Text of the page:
Sud­den clo­sure of for-profit col­leges leaves ques­tions

The Modesto Bee - - Local - BY JOHN HOLLAND jhol­[email protected]­

Stu­dents at Bright­wood Col­lege in Sal­ida and more than 70 other for-profit cam­puses were left with ques­tions Thurs­day about their sud­den clo­sures.

The par­ent com­pany in Birm­ing­ham, Ala., an­nounced Wed­nes­day that it would shut the schools be­cause of a pend­ing loss of ac­cred­i­ta­tion.

Fri­day is the last day for the Kier­nan Court cam­pus, which trains stu­dents to be den­tal and med­i­cal as­sis­tants, res­pi­ra­tory ther­a­pists, vo­ca­tional nurses and a few other med­i­cal ca­reers. The lo­cal man­age­ment re­ferred the Modesto Bee to a spokesman for Ed­u­ca­tion Cor­po­ra­tion of Amer­ica, but he did not pro­vide de­tails as of Thurs­day evening.

Den­tal as­sist­ing stu­dent Rubi Ta­mayo of Keyes said she hopes to trans­fer to Car­ring­ton Col­lege in Stock­ton fol­low­ing a Thurs­day meet­ing at Bright­wood, where stu­dents heard about these op­tions. An­other meet­ing Fri­day will deal with what to do about stu­dent loans, which for Ta­mayo amounts to about $13,000.

Toby Mer­rill, who di­rects the Pro­ject on Preda­tory Stu­dent Lend­ing at Har­vard Law School, said stu­dents can ask the U.S. Depart­ment of Ed­u­ca­tion to can­cel loans if a school closes. How­ever, that op­por­tu­nity doesn’t ap­ply if a stu­dent trans­fers cred­its or if a school hires a suc­ces­sor to of­fer stu­dents classes to com­plete their pro­grams.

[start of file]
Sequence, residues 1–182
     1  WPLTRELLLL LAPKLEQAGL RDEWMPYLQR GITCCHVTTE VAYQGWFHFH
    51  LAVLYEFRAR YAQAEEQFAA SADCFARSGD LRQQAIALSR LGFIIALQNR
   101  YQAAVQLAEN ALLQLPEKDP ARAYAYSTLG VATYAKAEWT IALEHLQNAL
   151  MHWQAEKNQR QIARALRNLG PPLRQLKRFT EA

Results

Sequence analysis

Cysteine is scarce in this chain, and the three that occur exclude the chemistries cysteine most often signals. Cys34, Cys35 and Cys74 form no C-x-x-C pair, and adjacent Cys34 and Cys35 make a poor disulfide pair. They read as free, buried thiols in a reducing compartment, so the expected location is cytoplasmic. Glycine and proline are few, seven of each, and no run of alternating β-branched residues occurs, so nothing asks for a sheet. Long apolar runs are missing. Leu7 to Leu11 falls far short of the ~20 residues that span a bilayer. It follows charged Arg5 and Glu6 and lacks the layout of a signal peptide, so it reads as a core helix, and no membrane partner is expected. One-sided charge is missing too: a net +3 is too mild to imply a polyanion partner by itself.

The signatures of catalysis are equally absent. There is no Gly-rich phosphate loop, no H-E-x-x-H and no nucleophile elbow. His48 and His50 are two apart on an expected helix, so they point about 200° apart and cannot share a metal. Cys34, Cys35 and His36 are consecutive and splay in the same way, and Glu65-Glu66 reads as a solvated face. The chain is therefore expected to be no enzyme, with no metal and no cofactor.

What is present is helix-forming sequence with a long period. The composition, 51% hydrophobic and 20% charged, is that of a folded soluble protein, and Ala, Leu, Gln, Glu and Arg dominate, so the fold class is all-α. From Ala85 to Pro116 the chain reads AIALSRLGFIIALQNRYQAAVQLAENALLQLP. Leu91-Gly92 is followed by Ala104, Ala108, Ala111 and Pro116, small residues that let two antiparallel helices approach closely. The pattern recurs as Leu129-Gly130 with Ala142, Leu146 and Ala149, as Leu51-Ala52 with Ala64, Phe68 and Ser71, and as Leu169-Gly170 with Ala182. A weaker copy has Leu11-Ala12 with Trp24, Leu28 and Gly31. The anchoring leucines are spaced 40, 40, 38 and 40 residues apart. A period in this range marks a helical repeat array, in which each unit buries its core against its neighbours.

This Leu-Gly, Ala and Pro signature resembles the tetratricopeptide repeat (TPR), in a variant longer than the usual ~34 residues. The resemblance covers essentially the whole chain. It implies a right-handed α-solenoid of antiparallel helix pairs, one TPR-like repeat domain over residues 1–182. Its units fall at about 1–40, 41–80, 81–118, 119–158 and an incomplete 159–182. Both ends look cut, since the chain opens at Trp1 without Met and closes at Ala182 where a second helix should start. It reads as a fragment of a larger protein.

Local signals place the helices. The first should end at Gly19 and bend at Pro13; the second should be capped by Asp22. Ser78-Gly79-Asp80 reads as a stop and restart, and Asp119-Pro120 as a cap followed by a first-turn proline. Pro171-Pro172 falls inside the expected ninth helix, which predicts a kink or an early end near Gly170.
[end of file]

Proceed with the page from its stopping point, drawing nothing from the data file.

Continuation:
The ECA cam­puses are in 21 states un­der the names of Bright­wood Col­lege, Bright­wood Ca­reer In­sti­tute, Vir­ginia Col­lege, Ecotech In­sti­tute and Golf Acad­emy of Amer­ica.

ECA spokes­woman Diane Wor­thing­ton said that at most lo­ca­tions, Fri­day would be the last day of classes, and stu­dents would get aca­demic credit for this term. One ECA in­sti­tu­tion, New Eng­land Col­lege of Busi­ness, is not closing.

In a let­ter to stu­dents, ECA CEO Stu­art Reed said the loss of ac­cred­i­ta­tion, along with added re­quire­ments from the U.S. Depart­ment of Ed­u­ca­tion, made the com­pany un­able to raise more money to op­er­ate the schools while it sought to re­or­ga­nize.

“It is with ex­treme re­gret that this se­ries of re­cent cir­cum­stances has forced us to dis­con­tinue the op­er­a­tion of our schools,” Reed wrote.

Court doc­u­ments filed by the com­pany said its lag­ging revenue left it un­able to make pay­ments on its debt or rental fees, and that it faced evic­tion at sev­eral cam­puses. ECA es­ti­mated it owed $66 mil­lion at the time.

ECA largely blamed fall­ing en­roll­ment on an up­swing in the econ­omy, which left fewer adults head­ing to school for job skills, and on in­creased fed­eral reg­u­la­tion of the for-profit col­lege in­dus­try. The chain was over­seen by the Ac­cred­it­ing Coun­cil for In­de­pen­dent Col­leges and Schools.

The sud­den clo­sure drew crit­i­cism from Ed­u­ca­tion Depart­ment, which said it had been work­ing with the com­pany to ar­range a shut-down that gave stu­dents time to trans­fer.

The As­so­ci­ated Press con­trib­uted to this re­port.

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